Franklin Graham in 2008. (Courtesy of the Billy Graham Evangelistic Association)

Amid an outcry over Donald Trump’s proposed ban on Muslims entering the country, prominent evangelist Franklin Graham has come out in support of the Republican presidential candidate’s plan, saying that he has been advocating a similar stance for months.

“For some time I have been saying that Muslim immigration into the United States should be stopped until we can properly vet them or until the war with Islam is over,” Graham wrote on Facebook on Wednesday. “Donald J. Trump has been criticized by some for saying something similar. The new Speaker of the House Paul Ryan said yesterday that he disagrees — saying that ‘such views are not what this party stands for and more importantly it’s not what this country stands for.’

“Politicians in Washington seem to be totally disconnected with reality.”

For some time I have been saying that Muslim immigration into the United States should be stopped until we can properly… Posted by Franklin Graham on Wednesday, December 9, 2015

In July, Graham, the son of Billy Graham,  wrote on Facebook that the country should “should stop all immigration of Muslims to the U.S. until this threat with Islam has been settled.” That post came after four Marines and a sailor were fatally shot at military facilities in Chattanooga, Tenn., by a Kuwait-born U.S. citizen from a conservative Muslim family.

“Every Muslim that comes into this country has the potential to be radicalized — and they do their killing to honor their religion and Muhammad,” Graham wrote at the time. “During World War 2, we didn’t allow Japanese to immigrate to America, nor did we allow Germans. Why are we allowing Muslims now?”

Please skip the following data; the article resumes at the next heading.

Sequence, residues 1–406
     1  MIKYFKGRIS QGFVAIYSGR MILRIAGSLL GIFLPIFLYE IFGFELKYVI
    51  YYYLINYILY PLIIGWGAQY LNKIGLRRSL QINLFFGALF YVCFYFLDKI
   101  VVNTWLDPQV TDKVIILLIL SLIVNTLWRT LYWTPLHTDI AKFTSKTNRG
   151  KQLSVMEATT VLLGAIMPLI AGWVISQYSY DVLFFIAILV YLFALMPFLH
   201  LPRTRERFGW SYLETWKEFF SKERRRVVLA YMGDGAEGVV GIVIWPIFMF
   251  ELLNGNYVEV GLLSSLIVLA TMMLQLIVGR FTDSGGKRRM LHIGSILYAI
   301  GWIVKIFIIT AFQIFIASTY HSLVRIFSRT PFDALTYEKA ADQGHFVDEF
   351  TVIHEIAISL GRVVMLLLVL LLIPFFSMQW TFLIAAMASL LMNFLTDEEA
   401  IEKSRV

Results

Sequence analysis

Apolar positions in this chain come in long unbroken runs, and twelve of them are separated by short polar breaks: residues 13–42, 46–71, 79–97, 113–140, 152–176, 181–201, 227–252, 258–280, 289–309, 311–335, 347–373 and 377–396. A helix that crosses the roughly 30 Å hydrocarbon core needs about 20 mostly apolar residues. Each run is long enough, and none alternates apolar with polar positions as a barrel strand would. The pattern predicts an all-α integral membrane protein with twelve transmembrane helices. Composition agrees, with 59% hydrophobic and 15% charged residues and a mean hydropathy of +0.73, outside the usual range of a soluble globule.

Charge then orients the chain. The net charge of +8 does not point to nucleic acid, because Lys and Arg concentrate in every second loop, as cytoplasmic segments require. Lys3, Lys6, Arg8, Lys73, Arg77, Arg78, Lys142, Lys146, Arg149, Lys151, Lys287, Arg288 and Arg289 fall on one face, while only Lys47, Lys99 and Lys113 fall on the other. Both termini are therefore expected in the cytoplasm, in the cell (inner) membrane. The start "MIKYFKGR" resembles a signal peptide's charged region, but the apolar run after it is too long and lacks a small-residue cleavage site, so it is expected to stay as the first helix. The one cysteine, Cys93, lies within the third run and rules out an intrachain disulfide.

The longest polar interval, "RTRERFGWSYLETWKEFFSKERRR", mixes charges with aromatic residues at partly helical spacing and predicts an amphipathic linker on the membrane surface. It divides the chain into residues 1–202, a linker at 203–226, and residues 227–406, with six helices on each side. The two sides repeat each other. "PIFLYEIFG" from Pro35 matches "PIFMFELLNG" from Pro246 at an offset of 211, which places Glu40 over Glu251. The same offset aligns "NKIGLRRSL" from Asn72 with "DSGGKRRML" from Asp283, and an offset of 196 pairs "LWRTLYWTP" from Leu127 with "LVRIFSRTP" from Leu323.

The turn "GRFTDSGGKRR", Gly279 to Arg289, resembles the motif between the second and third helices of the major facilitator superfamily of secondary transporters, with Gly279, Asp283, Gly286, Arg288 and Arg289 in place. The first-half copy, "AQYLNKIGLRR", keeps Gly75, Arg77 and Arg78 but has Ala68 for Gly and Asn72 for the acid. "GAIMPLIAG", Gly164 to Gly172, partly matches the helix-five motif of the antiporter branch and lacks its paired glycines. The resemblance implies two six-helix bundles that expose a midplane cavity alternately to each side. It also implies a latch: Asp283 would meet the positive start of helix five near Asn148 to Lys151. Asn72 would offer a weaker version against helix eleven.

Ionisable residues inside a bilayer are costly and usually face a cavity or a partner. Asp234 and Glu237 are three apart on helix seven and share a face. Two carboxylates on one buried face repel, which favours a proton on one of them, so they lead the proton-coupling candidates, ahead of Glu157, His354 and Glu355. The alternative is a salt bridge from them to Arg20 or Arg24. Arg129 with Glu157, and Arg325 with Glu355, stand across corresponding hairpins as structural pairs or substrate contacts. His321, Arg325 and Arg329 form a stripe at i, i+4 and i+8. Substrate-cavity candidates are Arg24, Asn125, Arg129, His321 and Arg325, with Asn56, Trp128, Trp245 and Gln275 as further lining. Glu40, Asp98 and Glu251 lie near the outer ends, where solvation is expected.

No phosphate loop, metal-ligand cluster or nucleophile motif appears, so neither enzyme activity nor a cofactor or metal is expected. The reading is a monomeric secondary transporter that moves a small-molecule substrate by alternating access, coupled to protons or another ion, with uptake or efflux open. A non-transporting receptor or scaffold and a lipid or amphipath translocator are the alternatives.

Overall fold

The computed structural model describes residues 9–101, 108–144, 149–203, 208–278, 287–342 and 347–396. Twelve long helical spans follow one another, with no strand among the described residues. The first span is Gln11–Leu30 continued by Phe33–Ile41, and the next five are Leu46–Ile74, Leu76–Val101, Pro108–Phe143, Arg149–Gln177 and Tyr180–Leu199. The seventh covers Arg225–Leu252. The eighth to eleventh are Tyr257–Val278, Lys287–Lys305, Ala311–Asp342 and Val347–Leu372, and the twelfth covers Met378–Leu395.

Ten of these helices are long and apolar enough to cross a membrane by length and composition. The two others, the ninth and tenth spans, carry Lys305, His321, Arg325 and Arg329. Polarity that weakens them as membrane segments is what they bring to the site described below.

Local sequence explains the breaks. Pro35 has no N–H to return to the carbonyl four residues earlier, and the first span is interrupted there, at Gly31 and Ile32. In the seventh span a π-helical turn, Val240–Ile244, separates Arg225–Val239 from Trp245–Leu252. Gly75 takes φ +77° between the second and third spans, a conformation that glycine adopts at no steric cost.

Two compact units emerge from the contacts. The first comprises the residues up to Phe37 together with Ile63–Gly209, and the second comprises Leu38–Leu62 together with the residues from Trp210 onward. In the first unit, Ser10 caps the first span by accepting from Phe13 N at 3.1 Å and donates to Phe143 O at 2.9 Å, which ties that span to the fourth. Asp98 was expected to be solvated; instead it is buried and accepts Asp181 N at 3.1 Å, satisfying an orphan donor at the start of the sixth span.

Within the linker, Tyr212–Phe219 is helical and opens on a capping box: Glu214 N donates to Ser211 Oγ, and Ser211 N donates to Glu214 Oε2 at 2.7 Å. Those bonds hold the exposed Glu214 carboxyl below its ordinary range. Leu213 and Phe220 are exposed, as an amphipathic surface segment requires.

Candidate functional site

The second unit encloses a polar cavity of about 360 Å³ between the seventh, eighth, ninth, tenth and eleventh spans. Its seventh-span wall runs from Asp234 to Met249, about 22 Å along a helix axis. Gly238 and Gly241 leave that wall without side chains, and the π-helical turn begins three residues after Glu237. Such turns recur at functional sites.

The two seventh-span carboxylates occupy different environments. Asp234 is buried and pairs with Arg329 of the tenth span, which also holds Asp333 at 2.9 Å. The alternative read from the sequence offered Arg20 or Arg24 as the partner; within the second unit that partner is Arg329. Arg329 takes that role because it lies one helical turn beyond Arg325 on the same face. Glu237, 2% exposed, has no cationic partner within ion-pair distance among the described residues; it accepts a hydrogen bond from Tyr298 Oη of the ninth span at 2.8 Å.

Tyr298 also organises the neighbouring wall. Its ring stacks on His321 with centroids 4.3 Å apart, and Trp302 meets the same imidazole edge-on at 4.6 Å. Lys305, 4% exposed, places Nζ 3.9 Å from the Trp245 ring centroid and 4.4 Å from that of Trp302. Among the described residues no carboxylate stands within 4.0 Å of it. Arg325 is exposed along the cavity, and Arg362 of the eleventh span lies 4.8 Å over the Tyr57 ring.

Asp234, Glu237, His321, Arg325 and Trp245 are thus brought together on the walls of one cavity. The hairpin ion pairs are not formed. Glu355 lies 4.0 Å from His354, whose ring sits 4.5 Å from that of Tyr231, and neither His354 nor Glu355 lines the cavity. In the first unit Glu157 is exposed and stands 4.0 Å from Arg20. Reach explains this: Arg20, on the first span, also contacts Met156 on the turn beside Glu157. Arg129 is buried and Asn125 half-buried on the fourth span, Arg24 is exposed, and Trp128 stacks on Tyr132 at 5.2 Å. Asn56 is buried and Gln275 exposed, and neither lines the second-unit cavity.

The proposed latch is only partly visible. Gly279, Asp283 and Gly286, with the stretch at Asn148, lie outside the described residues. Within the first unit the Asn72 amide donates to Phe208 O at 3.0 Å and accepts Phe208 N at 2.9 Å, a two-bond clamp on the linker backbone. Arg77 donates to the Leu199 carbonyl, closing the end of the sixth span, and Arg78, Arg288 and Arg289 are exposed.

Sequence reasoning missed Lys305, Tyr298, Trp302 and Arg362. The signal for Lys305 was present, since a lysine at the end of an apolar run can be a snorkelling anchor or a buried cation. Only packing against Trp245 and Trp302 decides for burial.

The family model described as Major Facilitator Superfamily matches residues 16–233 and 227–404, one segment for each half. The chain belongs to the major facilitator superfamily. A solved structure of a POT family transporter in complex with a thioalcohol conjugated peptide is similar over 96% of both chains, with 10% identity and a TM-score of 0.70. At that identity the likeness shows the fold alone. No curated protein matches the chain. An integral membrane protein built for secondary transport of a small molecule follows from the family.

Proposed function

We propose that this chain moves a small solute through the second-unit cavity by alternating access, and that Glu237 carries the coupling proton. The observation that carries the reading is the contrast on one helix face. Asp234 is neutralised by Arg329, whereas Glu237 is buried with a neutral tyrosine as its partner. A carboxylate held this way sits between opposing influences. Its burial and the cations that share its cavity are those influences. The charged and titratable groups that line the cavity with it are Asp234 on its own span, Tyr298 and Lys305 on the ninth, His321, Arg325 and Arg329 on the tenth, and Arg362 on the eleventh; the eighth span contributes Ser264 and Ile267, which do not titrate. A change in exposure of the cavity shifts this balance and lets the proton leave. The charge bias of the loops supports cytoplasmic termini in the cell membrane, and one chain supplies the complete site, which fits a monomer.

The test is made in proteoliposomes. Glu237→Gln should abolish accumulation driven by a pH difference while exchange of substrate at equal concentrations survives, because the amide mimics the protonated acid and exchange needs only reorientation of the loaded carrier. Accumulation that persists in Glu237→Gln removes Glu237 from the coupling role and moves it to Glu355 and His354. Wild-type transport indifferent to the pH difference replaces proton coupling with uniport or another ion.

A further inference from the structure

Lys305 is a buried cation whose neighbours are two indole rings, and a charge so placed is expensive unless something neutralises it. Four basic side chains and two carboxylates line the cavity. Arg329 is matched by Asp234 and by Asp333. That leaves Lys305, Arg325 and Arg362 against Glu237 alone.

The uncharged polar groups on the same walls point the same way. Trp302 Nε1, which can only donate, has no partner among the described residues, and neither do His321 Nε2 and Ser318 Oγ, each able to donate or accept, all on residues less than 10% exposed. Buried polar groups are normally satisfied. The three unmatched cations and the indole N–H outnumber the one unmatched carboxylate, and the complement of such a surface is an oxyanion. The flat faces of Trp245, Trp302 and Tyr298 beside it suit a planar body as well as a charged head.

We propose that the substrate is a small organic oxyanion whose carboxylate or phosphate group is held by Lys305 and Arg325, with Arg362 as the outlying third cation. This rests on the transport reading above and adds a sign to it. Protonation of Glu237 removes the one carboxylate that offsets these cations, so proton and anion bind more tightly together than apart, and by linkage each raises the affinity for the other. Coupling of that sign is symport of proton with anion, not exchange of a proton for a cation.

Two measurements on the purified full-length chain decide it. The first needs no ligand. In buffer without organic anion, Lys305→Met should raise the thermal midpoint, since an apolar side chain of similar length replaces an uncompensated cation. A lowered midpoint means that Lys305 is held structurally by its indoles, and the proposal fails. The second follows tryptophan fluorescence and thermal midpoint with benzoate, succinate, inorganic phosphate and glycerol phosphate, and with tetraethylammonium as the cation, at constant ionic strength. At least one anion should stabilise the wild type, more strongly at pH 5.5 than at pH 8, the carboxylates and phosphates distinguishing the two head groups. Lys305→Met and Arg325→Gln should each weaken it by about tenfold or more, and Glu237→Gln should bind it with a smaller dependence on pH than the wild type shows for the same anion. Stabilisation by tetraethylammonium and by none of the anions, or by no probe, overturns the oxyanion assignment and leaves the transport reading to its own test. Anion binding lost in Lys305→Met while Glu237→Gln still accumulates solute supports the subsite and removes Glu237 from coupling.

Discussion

Graham has long been an outspoken critic of Islam, the Religion News Service reported:

After the 9/11 terrorist attacks, he called Islam a “very evil and wicked religion” and last year called Islam “a false religion.” In 2010, he apologized after questioning President Obama’s Christian faith, saying he was “born a Muslim … and the Islamic world sees the president as one of theirs.”

“Basically for years, since 9/11, he has waged a campaign against Islam, against the rights of Muslims,” Khalilah Sabra, executive director of the Muslim American Society Immigrant Justice Center, told RNS in January.

[Evangelical leaders are frantically looking for ways to defeat Donald Trump]

 

Graham’s comments in July were criticized by others in the evangelical community.

“I was so sad when I read the Facebook posting of Franklin Graham,” said Bob Roberts Jr., an evangelical pastor in Texas, according to RNS. “This is not ‘evangelical’ and even less evangelistic. I don’t want American Muslims to think we fear them or that they are our enemies.”

Graham, whose Facebook post about Trump had been shared more than 50,000 times by Thursday morning, could not immediately be reached for comment.

“Our politicians are not listening to the truth — my prayer is that God will open their eyes,” he wrote Wednesday. “This affects our security and the future of our nation.”

Republican presidential contender Donald Trump said on Dec. 7 that he was in favor of a '"total and complete" shutdown of Muslims entering the United States. (C-SPAN)

Earlier this week, Trump called for “total and complete” ban on Muslims entering the United States “until our country’s representatives can figure out what is going on.” His proposal was met with widespread criticism, including from Russell Moore, president of the Southern Baptist Convention’s Ethics and Religious Liberty Commission, who called it “reckless, demagogic rhetoric.”

“Most evangelicals understand the difference between the peaceful Muslims and those who are violently waging war against us, because we’re a people on mission,” Moore told NPR. “We have Muslim neighbors and Muslim friends, and we understand how to love them, treat them with dignity, even as we disagree and have those conversations.

“The evangelicals I know are people who believe that everyone is made in the image of God, and so people even if they hold unpopular religious views aren’t to be treated as political footballs. They’re to be treated as human beings, and treated with respect and dignity.”

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